“We was robbed!”
—Joe Jacobs, U.S. Boxing Manager
If you have been harmed by a salesperson or broker in a real estate or cemetery transaction, you may be eligible for payment from the Real Estate Recovery Fund.
The Fund is administered under the direction of the Arizona Real Estate Commissioner, for the benefit of any person who has been injured by the misconduct of a licensed real estate or cemetery salesperson or broker. The money in the Fund comes from a surcharge on real estate license fees.
The Fund is liable to pay for damages arising out of a transaction in which the salesperson or broker performed acts for which a license was required, or when the salesperson or broker, while acting as the principal in the purchase or sale of real property, engaged in fraud or misrepresentation and someone was harmed due to reliance on the salesperson’s or broker’s licensed status.
The Department of Real Estate offers the following examples of losses that are covered by the Fund:
Misappropriated earnest money deposit or down payment on a house.
Misappropriated security deposit, rental income, or money withheld that was intended for mortgage payments or other expenses managed by the salesperson or broker.
Repair costs required for defects when a salesperson or broker materially misrepresented the condition of the property.
Loss caused in a transaction when the salesperson or broker actively misrepresented the financial condition of the property and parties involved.
To get paid from the Fund, a person must file a lawsuit against the salesperson or broker, and all other persons who may be responsible for the loss. The lawsuit cannot be started later than five years from the accrual of the cause of action. If a person obtains a judgment against a salesperson or broker for prohibited conduct, that person may apply to the Recovery Fund Administrator for payment from the Fund. The payment application must be made within two years after the termination of all proceedings, reviews and appeals connected with the judgment.
The Department of Real Estate will supply the payment application form that includes detailed instructions with respect to the information and documents that are necessary for payment. The Recovery Fund Application may be downloaded from the Department’s Web site, www.azre.gov. The completed application and supporting documents should be hand-delivered or sent by certified mail to the Recovery Fund Administrator at:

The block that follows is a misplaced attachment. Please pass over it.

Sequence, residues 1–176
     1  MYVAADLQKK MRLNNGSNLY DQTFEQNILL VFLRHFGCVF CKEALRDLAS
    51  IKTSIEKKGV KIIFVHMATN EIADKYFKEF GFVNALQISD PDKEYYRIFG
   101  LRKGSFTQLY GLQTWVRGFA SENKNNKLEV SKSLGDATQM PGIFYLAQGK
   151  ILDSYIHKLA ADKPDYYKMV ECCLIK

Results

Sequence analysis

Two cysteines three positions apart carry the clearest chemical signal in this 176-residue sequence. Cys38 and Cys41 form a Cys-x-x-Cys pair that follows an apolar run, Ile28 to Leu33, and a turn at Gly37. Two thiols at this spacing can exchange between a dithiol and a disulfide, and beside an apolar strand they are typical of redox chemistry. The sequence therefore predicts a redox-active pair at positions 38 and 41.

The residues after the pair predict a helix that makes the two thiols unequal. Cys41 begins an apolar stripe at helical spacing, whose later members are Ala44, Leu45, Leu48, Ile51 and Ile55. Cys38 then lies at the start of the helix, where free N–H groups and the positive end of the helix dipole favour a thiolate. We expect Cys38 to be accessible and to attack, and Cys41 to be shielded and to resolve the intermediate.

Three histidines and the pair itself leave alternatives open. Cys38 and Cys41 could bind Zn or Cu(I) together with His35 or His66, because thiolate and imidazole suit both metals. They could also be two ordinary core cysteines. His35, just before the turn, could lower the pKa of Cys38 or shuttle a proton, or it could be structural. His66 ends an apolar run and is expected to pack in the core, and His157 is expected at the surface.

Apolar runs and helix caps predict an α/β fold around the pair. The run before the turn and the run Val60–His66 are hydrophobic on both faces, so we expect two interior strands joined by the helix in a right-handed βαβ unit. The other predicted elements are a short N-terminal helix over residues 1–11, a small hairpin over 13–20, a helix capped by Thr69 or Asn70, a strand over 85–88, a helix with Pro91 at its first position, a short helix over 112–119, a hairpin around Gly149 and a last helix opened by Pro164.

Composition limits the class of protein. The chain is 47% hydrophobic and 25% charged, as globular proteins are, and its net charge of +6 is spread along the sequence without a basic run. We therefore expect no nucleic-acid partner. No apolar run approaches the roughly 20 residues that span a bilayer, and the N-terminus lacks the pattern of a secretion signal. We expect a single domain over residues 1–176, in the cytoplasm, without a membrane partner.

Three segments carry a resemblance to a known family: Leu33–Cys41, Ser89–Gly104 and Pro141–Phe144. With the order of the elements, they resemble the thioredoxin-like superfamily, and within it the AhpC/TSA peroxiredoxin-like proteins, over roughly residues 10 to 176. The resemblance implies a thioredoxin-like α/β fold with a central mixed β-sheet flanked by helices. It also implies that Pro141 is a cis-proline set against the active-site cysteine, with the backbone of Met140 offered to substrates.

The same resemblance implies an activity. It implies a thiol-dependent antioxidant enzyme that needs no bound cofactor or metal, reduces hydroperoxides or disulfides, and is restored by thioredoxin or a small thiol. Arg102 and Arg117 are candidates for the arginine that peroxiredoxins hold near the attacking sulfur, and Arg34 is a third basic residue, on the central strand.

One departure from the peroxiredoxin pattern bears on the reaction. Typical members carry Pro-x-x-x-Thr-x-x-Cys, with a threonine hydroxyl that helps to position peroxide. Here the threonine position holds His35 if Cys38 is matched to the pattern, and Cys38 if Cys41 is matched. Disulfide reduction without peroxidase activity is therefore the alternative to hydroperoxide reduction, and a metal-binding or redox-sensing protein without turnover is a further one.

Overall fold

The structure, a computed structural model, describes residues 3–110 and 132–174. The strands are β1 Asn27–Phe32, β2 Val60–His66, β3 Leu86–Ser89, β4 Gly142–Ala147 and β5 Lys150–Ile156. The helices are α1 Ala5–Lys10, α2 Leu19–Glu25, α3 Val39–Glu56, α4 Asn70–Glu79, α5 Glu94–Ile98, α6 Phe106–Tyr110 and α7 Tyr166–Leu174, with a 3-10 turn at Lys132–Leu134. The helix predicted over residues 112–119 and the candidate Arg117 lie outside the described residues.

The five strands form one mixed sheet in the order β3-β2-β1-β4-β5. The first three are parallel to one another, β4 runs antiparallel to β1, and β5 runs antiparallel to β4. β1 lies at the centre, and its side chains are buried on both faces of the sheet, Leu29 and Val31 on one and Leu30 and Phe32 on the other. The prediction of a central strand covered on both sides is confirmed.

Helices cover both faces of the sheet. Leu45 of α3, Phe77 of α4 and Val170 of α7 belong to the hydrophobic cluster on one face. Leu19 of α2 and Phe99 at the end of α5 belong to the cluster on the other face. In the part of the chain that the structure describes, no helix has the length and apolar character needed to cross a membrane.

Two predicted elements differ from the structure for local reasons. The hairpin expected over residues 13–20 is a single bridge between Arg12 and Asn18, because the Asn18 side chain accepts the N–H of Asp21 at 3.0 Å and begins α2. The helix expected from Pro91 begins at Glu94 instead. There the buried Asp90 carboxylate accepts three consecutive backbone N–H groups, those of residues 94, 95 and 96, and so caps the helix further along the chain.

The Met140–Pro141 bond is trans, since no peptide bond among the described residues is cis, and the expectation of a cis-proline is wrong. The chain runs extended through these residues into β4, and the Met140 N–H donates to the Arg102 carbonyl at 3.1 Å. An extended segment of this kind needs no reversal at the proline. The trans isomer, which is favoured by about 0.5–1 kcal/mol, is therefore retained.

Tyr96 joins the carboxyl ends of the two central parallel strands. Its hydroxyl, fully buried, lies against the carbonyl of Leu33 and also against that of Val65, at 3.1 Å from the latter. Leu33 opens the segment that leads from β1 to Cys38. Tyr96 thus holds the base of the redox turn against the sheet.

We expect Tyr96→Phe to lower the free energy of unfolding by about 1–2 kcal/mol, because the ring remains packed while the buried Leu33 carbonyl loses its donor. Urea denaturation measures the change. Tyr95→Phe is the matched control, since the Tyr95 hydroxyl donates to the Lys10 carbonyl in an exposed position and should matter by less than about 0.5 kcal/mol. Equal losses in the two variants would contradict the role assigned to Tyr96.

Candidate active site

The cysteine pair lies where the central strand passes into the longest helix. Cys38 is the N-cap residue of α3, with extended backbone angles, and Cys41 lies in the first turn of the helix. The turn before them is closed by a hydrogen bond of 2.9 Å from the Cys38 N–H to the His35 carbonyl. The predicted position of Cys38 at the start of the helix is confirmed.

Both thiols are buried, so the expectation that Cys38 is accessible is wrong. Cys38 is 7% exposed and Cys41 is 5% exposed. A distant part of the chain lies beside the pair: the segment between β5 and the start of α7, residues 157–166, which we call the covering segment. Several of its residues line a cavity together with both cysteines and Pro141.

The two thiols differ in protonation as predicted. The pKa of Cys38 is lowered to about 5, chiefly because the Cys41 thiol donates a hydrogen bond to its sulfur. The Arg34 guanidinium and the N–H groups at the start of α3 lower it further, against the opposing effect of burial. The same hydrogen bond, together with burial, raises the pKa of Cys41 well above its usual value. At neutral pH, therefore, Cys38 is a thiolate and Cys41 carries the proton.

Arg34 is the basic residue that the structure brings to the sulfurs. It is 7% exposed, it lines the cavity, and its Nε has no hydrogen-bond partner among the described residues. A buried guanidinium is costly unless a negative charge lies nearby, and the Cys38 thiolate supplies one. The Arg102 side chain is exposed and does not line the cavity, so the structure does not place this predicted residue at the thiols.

Department of Real Estate
2910 North 44th Street, Suite 110
Phoenix, AZ 85018
The person submitting the application (sometimes referred to as the “claimant”) must also mail a copy to the salesperson or broker, together with a notice form that should be supplied by the Department.
A claimant will be entitled to recover from the Fund the money actually lost in the real estate or cemetery transaction, including reasonable attorney’s fees and costs, but he must deduct the value of any property recovered, payments, settlement amounts, insurance proceeds, tax benefits or deductions, or other offsets. Prior to getting paid from the Fund, a claimant will be required to show that he exhausted all attempts to collect the lost money from the salesperson or broker, and any other person responsible for the loss.
The Fund’s liability is limited to $30,000 per transaction, or $90,000 per license. The spouse of a salesperson or broker cannot file a claim.
The Commissioner is generally required to make a decision on a claim within 90 days after receiving a completed application for payment. If the application is approved, payment will be made on the claim. If it is denied, the claimant may pursue the application in court. To do so, he must file a verified application in the court within six months after receiving notice of the denial. Other procedural rules also apply to the appeal process.
If a payment is made from the Fund, the licenses and license rights of the responsible salesperson or broker will be terminated.
The above article is an excerpt from Arizona Laws 101: A Handbook for Non-Lawyers, 2nd Edition (Fenestra Books, 2012), by Donald A. Loose, republished with the author’s permission.
Disclaimer: Laws change constantly. Specific legal advice should be obtained regarding any legal matter. The information contained on this website does not constitute legal advice and no attorney-client relationship is created.
Donald A. Loose is an Arizona attorney, and the author of Arizona Laws 101: A Handbook for Non-Lawyers, and Estate Planning in Arizona: What You Need to Know. Mr. Loose is a regular guest on radio shows featuring local newsmaker interviews. He may be contacted at firstname.lastname@example.org.